"It's something that the show does every year," said Marissa Rosado, a sophomore TV/video major who will be the technical director of the evening show. "There are a few structural traditions," she added, referring to the dance team that performs at the every year. Emerson's a cappella group Noteworthy performed last year, and in 2004, members of the Musical Theatre Society also lent their talent.
Other traditions are in place to involve freshmen and first-timers in the process. One such event is Dub Night, where the members of the EVVYs spend an entire night receiving and copying the year's submissions so they can be sent to the industry professionals who will judge them.
"Dub Night is really an important time for us because it brings our younger members in and connects them with the older members and gives them people to look up to," said Adam Salamone, a junior writing, literature and publishing major and one of the executive producers for this year's EVVYs. "I think it's my favorite, and it's the most important, because it helps us get the show going."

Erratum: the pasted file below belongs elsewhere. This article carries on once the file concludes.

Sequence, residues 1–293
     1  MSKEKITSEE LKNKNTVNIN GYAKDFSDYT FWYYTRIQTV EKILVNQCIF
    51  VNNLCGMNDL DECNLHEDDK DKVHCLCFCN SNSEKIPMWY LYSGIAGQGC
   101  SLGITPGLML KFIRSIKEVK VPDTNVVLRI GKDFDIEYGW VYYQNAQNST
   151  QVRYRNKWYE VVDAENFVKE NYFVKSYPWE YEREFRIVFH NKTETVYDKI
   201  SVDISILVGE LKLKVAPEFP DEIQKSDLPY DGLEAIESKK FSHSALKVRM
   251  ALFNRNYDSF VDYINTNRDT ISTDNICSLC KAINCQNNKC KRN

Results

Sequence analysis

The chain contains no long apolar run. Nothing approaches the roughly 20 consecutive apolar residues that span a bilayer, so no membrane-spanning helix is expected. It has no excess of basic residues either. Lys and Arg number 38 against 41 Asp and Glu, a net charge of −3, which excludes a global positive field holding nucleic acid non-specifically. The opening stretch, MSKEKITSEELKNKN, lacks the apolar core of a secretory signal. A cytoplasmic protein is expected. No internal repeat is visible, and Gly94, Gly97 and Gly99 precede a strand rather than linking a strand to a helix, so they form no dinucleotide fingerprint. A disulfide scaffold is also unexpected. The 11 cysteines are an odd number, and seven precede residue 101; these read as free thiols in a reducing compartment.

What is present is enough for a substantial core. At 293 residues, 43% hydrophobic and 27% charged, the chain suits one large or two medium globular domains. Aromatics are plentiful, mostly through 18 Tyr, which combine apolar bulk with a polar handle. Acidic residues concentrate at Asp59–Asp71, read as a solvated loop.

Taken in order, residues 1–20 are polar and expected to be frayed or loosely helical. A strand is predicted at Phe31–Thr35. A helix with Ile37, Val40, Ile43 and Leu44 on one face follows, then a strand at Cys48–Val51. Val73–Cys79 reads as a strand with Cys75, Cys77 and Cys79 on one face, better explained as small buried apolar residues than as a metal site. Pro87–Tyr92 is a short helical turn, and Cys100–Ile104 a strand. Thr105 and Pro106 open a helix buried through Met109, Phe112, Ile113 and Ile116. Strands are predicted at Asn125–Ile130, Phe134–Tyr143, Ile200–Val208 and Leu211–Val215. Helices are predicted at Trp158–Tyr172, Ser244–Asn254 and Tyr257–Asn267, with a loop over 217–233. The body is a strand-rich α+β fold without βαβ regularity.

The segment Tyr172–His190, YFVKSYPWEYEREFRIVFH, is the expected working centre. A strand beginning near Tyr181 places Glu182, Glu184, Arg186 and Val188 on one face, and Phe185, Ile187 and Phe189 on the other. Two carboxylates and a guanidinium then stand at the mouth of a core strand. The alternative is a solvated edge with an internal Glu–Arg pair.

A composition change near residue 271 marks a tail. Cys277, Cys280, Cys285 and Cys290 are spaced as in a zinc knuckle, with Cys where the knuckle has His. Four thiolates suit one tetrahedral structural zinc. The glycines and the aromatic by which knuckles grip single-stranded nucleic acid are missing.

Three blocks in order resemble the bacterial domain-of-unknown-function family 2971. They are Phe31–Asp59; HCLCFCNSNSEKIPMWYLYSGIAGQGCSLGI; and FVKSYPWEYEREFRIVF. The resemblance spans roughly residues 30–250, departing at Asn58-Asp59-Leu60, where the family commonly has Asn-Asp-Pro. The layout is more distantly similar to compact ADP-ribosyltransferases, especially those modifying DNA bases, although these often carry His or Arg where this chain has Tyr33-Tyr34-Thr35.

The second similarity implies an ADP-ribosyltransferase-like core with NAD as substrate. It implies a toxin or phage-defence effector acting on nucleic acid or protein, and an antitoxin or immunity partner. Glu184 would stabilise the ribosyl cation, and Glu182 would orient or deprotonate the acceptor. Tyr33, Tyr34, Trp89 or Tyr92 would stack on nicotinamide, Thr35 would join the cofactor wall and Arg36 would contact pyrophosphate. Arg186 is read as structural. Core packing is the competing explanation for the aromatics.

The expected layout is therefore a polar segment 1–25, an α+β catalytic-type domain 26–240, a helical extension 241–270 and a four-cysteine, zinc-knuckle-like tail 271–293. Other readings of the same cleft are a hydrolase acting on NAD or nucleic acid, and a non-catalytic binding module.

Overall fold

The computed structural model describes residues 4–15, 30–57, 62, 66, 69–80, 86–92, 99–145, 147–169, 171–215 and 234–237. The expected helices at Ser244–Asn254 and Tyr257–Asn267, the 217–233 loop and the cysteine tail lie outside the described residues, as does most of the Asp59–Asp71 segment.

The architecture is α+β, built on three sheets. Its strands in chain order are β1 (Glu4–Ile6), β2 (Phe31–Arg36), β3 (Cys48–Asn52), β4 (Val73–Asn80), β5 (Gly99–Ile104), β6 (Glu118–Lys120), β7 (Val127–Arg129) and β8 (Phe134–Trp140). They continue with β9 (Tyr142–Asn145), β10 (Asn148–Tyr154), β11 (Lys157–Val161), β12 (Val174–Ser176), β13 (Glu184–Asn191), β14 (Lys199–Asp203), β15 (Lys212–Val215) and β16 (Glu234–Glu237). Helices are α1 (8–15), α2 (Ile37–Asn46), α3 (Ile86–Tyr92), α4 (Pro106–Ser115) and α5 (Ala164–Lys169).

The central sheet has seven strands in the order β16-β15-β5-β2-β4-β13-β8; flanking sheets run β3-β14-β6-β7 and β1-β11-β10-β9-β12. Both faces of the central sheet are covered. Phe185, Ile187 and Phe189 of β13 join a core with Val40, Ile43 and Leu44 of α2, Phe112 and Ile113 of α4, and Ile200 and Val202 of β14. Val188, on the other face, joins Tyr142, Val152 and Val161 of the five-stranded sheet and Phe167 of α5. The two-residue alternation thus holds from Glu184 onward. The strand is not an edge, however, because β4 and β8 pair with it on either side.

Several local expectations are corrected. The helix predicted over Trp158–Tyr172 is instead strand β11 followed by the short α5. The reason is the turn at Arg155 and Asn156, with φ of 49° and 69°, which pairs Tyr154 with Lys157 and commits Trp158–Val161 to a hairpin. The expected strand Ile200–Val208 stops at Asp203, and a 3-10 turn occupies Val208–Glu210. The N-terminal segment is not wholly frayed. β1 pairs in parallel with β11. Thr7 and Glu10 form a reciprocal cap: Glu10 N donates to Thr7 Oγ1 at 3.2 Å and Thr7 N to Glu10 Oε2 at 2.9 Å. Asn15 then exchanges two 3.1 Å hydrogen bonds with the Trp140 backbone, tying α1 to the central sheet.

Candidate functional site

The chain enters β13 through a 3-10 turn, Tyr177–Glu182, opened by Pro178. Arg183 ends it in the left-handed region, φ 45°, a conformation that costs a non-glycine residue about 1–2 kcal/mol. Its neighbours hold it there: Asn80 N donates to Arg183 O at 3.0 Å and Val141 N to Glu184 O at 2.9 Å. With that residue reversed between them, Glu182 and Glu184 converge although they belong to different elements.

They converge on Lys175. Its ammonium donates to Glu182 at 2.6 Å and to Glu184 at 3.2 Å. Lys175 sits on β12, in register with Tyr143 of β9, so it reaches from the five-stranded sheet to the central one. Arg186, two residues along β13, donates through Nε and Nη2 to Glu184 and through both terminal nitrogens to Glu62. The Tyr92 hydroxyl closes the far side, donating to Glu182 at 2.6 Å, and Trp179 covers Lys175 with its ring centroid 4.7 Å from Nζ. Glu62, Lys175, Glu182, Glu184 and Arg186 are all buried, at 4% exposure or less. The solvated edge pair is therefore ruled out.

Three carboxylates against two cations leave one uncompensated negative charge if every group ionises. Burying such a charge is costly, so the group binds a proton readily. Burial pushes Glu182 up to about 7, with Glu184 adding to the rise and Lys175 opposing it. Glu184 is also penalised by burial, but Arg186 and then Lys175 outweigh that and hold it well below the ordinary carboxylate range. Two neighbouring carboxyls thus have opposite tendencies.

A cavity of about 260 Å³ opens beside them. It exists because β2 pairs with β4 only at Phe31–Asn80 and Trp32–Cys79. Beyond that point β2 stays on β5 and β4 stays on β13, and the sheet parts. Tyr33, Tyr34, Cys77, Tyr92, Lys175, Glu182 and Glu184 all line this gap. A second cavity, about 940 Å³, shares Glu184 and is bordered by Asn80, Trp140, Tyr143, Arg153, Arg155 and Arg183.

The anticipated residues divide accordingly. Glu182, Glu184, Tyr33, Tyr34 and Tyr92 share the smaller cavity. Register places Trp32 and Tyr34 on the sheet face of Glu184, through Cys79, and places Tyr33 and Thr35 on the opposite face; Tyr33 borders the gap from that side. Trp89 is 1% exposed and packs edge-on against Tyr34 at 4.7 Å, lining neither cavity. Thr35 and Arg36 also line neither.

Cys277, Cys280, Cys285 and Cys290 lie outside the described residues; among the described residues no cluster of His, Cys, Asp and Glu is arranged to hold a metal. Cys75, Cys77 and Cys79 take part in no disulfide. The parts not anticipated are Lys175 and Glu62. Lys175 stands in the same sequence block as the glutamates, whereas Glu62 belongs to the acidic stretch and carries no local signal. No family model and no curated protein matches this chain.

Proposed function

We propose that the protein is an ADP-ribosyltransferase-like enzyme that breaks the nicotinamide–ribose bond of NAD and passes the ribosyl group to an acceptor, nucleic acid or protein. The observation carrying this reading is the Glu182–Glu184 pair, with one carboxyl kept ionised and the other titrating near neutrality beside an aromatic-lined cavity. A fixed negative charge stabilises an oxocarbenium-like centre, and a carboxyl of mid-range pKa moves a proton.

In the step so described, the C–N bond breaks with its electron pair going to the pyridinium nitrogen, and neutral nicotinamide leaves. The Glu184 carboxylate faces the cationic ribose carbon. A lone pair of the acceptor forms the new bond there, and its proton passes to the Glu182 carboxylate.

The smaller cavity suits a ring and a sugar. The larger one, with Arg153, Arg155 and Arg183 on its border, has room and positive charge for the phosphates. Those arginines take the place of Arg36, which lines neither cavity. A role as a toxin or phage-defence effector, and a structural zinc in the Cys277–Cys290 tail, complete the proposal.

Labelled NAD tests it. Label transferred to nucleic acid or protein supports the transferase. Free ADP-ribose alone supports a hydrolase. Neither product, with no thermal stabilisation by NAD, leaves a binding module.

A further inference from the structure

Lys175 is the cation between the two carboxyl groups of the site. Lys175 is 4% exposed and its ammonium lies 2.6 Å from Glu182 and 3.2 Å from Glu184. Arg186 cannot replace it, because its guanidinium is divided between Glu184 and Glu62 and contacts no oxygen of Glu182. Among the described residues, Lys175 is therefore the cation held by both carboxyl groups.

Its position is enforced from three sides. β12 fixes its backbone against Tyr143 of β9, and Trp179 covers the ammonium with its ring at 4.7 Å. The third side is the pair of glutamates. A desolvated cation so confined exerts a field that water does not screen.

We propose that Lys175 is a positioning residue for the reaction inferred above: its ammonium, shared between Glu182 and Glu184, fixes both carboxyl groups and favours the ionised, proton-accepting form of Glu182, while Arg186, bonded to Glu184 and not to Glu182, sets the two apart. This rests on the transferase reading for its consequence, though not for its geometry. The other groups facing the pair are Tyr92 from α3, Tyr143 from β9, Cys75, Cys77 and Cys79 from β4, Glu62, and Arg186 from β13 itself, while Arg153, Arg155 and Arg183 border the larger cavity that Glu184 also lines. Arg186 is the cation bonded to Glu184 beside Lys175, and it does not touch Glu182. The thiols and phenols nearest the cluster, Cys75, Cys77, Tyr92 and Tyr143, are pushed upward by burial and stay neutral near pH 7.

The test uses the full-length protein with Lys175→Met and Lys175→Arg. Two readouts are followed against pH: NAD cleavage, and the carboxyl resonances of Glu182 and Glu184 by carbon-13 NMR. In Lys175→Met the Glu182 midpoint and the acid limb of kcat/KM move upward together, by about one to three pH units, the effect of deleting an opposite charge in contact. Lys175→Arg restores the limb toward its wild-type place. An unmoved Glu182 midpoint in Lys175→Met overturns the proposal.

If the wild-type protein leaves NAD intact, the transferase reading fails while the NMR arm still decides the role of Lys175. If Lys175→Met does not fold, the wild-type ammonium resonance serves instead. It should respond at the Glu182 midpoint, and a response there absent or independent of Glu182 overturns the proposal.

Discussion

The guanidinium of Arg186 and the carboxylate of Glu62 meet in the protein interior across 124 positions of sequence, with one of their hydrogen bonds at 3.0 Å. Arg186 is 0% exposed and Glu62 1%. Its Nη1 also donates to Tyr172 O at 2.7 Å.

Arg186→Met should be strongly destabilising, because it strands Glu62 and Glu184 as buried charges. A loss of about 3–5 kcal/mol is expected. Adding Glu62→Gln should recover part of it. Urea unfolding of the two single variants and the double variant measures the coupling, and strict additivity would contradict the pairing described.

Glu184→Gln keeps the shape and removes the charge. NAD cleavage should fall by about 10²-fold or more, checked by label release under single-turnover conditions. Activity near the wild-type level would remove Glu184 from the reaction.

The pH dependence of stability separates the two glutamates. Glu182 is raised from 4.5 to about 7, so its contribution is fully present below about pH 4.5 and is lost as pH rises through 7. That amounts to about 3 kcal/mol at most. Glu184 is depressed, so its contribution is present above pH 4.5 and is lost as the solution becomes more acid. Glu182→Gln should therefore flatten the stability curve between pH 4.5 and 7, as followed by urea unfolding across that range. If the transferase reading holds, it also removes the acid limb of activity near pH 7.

Students go to New York City to film the roll-ins every year. Other groups are assigned to certain tasks, such as marketing, contacting the judges and post-production.
Every Thursday the entire group including crew members, meets to discuss their progress. Occasionally, the meetings will feature guest speakers such as Aaron Ryder, producer of Memento and Donnie Darko.
The amount of hours everyone puts into the show is incredible, but there is certainly a benefit to being involved with this kind of production. Many successful Emerson alumni worked on the EVVYs during their time at school. According to Sarah McCulley, a freshman film major and personal assistant to one of the executive producers, working on the EVVYs is a way to get noticed in the industry.
"You can go out to L.A. and be wearing something with EVVYs on it," she said, "and you'll get stopped by people saying 'oh, I worked on the EVVYs too.'"